Saturday, 16 November 2013

I was a co-winner of the Inglis Scholarship 44 years ago – I haven't won many prizes, so why would I forget all about this one?

A friend mentioned to me a few months ago that I had once won an academic prize at school. I assured him I hadn’t: I don’t win prizes - never have. Recently, he sent me the above photograph from an old school magazine. I was touched, partly because, despite being an extremely busy man, he had gone to the trouble of tracking it down, and partly because, wheh it comes to winning awards and prizes, my record is incredibly skimpy.

I won the high jump at school when I was six. The bar must have been set about nine inches above the ground, I was roughly a foot taller than my little English classmates, and I panicked just before take-off and did a sort of reverse Fosbury Flop, diving head-first over the bar into the sand-pit. I then won the History and Latin prizes for my class when I was eleven – but only because I’d been demoted from the top tier in both subjects the previous year for being useless. Then, at 13, I won the Junior School Acting Cup for playing the father of (I think) the bride in painfully unfunny 19th Century French farce, An Italian Straw Hat. I won because the boy playing the bridegroom – the lead character – fell ill just before the first performance, and the understudy had to read his part from a copy of the play concealed in his top hat. All I remember about it was having one line – “Have you seen my myrtle?” – which, for some reason, I decided to deliver in a leeringly suggestive Carry On style. This had the adult audience rolling about.

There followed a slight hiatus of some 40 years, until the BBC’s Interactive TV department, which I was managing at the time, won several industry awards, including two BAFTAs – but these belonged to the teams which created the services. I chose not to attend the ceremonies, as I didn’t feel they had much – in anything - to do with me.

And that’s pretty much it. So discovering that I was one of the winners of an externally-marked prize for writing a critique of an unidentified poem (I’m told it was by one of the Metaphysical poets and that the boy who should have won it identified it as a Pastoral poem, the fool) has come as a bit of a surprise. (The reason the subject came up at all was that I was wondering aloud where I’d found the money to buy my first motorbike, a Bantam 125, at a time when family money was tight as a result of my father’s death the previous year.)

Which leaves the mystery of why I would utterly forget such a peak of achievement set in  a relatively flat landscape. My wife thinks it was because I blithely assumed at 16 that life would be an endless succession of awards and prizes - but I was as insecure as the next teenager. It could have been because my grandmother, an enormously  comforting, stabilising presence, had also died the previous year, so life suddenly seemed threateningly precarious: I probably assumed that any good luck would rapidly be balanced by some bad karma. But kids are resilient, and I suspect I was more worried about how a big bespectacled lump of an adolescent with a face like a football was ever going to find a girl-friend.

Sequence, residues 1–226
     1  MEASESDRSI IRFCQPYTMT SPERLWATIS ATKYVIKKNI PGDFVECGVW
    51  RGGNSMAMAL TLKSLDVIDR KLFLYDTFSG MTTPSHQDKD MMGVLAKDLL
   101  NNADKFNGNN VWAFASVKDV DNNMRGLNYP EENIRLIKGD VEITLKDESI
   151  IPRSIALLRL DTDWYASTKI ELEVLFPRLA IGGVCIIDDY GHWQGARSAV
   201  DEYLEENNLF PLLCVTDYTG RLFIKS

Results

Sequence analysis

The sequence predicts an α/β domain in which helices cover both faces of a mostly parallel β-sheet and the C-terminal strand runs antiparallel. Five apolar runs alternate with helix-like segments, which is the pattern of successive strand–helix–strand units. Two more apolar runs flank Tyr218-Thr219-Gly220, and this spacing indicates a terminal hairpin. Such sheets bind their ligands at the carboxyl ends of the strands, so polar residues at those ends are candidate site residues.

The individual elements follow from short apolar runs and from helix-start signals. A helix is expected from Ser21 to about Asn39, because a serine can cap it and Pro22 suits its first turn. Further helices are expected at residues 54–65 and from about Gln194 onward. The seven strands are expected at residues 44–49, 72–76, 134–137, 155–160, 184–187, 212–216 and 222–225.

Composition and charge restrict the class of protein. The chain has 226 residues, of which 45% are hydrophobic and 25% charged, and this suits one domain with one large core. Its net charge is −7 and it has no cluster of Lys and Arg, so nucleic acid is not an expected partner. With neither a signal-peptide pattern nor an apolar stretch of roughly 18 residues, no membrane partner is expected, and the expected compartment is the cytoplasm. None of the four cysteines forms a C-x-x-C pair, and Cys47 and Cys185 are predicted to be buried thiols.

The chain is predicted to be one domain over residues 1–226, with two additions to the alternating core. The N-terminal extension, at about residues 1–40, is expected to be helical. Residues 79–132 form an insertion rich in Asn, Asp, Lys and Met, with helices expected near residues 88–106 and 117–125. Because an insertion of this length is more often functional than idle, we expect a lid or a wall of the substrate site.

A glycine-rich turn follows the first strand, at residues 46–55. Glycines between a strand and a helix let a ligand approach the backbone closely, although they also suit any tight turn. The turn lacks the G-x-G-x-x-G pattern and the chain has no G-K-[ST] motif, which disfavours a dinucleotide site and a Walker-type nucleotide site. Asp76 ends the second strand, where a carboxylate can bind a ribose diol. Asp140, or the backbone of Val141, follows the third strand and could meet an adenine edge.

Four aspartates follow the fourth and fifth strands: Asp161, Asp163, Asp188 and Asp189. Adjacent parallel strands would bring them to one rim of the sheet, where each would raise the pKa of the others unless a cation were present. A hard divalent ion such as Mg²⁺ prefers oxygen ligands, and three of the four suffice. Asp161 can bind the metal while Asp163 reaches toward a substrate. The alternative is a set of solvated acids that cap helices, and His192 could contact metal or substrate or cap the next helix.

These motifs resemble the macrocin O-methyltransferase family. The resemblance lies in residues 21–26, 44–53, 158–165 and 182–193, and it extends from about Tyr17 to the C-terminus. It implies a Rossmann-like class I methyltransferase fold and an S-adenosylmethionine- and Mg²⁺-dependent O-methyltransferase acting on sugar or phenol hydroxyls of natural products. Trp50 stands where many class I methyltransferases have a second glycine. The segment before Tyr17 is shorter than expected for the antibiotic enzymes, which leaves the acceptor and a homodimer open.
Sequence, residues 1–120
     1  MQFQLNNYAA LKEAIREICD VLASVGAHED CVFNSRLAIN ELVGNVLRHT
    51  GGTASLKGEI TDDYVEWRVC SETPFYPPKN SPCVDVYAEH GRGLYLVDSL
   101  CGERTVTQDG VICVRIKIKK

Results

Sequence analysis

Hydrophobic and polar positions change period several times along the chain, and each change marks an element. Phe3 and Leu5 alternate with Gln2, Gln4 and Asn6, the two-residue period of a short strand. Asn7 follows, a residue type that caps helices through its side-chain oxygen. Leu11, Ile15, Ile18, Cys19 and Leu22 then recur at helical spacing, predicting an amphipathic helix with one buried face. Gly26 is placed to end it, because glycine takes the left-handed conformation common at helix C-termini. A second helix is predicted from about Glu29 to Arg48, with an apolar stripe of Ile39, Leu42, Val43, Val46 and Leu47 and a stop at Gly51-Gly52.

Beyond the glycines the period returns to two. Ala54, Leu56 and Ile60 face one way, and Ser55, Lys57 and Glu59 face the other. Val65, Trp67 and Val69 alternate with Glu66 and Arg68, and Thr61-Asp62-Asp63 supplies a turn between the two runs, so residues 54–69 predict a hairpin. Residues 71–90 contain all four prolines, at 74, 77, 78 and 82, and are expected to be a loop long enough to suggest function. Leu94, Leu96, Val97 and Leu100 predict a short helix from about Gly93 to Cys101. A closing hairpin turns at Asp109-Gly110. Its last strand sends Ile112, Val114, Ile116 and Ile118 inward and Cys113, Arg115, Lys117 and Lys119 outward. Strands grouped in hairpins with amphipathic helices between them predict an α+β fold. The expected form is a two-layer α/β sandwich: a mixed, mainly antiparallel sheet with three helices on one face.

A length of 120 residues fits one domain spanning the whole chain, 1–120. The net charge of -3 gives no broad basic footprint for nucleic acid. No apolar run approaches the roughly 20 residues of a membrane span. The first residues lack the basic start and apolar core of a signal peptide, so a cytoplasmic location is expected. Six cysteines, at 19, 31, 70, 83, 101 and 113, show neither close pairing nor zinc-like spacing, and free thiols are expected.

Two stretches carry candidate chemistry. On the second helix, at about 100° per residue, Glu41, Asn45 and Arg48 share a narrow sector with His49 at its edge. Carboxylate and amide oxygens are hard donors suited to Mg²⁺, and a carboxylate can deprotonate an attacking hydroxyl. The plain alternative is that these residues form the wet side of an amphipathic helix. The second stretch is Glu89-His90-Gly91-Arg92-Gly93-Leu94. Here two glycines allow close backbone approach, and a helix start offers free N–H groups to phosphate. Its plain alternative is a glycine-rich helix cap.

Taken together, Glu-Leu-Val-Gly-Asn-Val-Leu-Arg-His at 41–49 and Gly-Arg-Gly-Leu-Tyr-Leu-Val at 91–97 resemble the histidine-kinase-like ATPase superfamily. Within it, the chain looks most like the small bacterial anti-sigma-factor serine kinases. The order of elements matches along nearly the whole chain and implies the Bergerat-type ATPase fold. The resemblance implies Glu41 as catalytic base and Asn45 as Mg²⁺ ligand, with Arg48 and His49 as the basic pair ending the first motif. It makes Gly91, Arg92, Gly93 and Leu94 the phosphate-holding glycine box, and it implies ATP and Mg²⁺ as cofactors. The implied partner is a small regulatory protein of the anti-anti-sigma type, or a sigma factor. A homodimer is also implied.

My amnesia could also have been to do with the fact that my mother’s motto was “I Never Win”, which she trotted out at regular intervals – and with some justification around that time. I internalised this Prebyterian outlook so successfully that every piece of good news or recognition – no matter how large or small - has always come as a bit of a shock: in fact, for most of my life, I’ve been astonished – and a bit worried - when things have gone right. I still adhere broadly to the karmic principle. I invariably cringe in panic on behalf of people who tell me just how stunningly, brilliantly well their lives are going - I either worry that they're tempting fate or assume that they're lying through their teeth (fortunately, living in England, this doesn't happen often.) But during the last two decades I've come to realise that (a) good news is more likely to be followed by more good news than by bad, and (b) overall, the good news overwhelmingly outbalances the bad. (Yes, I know how goofily platitudinous that sounds - I'm in a becalmed, platitudinous mood).

Anyway, my thanks to an old friend for confirming what I've increasingly come to realise over the year - that I do sometimes (in fact, quite often) win.


  1. Fascinating. What I noticed about it, as well as your stunning achievement, was how many of the names on the list I have absolutely no recollection of. And you should have gone to the BAFTA ceremony. Without getting into management speak bollocks about enablers and facilitators, the achievement is just as much down to the team leader as the team.

    1. That's v. kind of you, ex-KCS. I would have gone to the cermony the following year, when we had an even better serice up for a BAFTA, because I felt slightly more responsible for its success - but the judging panel included some embittered former department members who stuck the knife in and awarded it to some piece of lame nonsense on Danish TV. Still rankles, as you can probably tell.

      I see Jedburgh got the Monson prize - what the hell was going on that year!